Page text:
Social Capital: What’s in your bank?

I was visiting my nephew in Albuquerque, New Mexico.  Alex, who is a Resident at the University of New Mexico Medical Center works in pediatric medicine but regular stints in the Emergency Room are part of his training.  Because my real estate practice has found a niche serving the over-55 homeowner our conversation turned to the medical needs of this demographic.  Alex said that one of the hardest parts of his job is allowing the older adult to leave the emergency room to return to a world of no “social capital.”  At the time he told me this, I had never heard that term. I have since learned that “social capital” is a hot topic in the world of elder care.

 

Kayte Schooley is the Community Relations Director of Bickford of Bexley, a senior care facility in the heart of Bexley, Ohio.   The branch is known for providing a nurturing environment: their residents and staff are called “BFM’s” – Bickford Family Members and have (adorably) won first place in a survey of “Overall Happiness” in their division. “Social engagement is so important” says Kayte “even a simple ‘how are you doing?’ can remind our BFM’s that they are not alone. We care.”

 

Social capital describes the network of relationships we all have which allow us to live happy, healthy, and smooth functioning lives.  If I run out of gas on the side of the road, a call to my husband resulting in 5 gallons of gas delivered to me is a result of having something in my bank of social capital.  78-year-old Maggie lives alone and falls in her home. Even if in reach of a cell phone, if Maggie has no one close by to call after she dials 9-1-1, she is void of social capital.

 

Schooley says that moving seniors back into social engagement is a process. “Many come to us after living for some time alone, “she says.  Steps back into the friendships enjoyed as a younger person are unfamiliar and difficult.  At Bickford, each new resident fills out a “Lifesong” document: Where are you from? What are your hobbies?  What did you do for a living?  The staff at Bickford works hard to “match” the new residents with others with similar interests within the comfort level of both parties. “We never force our residents to engage beyond the limits,” she says.  Kayte recounts “matching” two veterans who became friends finding commonality in their military service.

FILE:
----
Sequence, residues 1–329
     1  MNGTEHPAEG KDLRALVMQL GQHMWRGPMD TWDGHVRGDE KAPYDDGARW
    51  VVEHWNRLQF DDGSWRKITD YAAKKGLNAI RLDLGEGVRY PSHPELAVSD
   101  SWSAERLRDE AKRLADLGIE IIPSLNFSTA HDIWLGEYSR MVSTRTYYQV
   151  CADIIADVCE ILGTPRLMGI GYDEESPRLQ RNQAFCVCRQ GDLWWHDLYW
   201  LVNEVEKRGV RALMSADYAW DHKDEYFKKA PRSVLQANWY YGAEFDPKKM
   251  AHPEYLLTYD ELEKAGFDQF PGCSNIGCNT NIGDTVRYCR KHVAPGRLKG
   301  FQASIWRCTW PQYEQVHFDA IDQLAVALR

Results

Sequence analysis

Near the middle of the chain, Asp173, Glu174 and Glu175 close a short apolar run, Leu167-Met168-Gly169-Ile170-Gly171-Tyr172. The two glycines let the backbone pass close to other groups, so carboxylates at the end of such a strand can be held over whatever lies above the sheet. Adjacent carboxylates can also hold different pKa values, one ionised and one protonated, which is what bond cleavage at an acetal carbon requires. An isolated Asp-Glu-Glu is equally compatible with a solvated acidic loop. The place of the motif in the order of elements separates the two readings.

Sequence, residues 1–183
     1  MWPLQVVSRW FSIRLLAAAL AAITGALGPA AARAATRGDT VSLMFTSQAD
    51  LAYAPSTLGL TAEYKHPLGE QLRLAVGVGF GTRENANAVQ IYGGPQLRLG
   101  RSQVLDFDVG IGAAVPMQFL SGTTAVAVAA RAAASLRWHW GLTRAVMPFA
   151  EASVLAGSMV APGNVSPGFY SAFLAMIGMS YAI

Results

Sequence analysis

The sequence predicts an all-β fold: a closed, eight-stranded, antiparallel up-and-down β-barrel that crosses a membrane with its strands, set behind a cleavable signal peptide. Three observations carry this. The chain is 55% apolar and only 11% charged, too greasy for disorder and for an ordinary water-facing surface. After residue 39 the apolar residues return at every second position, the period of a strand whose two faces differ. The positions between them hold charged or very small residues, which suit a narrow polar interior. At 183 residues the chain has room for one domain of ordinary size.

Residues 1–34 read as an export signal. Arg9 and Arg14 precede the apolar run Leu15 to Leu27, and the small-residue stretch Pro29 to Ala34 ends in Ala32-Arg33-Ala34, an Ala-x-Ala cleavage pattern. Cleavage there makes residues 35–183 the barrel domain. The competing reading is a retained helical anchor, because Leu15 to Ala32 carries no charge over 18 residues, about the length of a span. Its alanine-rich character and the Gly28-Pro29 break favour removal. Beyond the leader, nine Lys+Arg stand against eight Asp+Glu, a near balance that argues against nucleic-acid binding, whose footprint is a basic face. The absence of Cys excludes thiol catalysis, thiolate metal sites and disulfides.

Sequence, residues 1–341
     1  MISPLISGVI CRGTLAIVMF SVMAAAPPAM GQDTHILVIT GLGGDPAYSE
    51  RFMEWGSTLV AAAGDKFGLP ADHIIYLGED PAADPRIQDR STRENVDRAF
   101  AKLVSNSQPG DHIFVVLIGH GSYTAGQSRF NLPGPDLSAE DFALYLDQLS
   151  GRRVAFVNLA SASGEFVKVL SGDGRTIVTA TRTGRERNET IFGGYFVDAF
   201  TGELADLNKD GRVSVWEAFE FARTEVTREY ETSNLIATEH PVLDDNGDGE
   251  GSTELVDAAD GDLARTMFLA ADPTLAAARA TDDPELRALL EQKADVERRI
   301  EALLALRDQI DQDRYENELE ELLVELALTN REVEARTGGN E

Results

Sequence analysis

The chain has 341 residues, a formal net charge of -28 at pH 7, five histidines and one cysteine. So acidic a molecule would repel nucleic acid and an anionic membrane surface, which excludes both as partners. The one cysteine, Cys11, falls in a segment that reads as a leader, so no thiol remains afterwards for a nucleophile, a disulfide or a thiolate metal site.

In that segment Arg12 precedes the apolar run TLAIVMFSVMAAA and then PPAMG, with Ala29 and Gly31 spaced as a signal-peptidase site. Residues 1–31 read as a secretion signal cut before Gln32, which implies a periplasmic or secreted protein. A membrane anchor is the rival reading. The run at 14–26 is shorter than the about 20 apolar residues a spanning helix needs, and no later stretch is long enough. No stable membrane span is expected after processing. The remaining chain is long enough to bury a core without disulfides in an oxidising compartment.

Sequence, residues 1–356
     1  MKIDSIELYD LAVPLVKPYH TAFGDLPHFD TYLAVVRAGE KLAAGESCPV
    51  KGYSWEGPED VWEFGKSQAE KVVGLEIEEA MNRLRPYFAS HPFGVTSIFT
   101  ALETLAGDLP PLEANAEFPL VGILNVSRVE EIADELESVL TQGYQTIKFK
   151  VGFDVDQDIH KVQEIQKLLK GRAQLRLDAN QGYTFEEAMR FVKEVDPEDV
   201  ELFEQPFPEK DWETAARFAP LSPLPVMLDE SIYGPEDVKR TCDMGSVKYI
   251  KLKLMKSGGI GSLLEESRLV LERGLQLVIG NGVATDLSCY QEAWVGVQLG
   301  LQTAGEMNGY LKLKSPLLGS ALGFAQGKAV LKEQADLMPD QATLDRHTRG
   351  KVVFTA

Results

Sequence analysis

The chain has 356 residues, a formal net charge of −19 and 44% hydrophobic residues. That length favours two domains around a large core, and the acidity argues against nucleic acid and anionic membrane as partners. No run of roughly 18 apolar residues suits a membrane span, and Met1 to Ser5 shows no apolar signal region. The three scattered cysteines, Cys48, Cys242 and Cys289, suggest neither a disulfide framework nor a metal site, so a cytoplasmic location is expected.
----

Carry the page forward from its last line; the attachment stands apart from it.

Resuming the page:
What this kind of social engagement proves is that our intersecting web of social capital relationships does not have to be vast and they are not necessarily family members.  However, psychologists say the plumb line measuring our mental, emotional, and physical health runs parallel to the strength of these social bonds.  Research shows that socially isolated older adults are at greater risk of sickness, disability, and even premature death. Doctors often use the Lubben Social Network Scale (LSNS) test to determine how socially “healthy” a person is.  “You need to have a web of family and friends to be responsive to your needs,” says James Lubben, developer of the LSNS and director of the Institute on Aging at Boston College. *

 

In next week’s blog I will talk about how social capital wanes in our older years and what we can do to strengthen those ties that bind us to better health.

 

You can look into the services of Bickford of Bexley at: www.bickfordcommunities.com/bexley

 

This blog is written by Kathy Chiero.  Kathy is the Team Lead for The Kathy Chiero Group of Keller Williams Greater Columbus Realtors.  Thinking of Buying or Selling?  Find us www.OurOhioHome.com

 

*Harvard Men’s Health Watch March 2013

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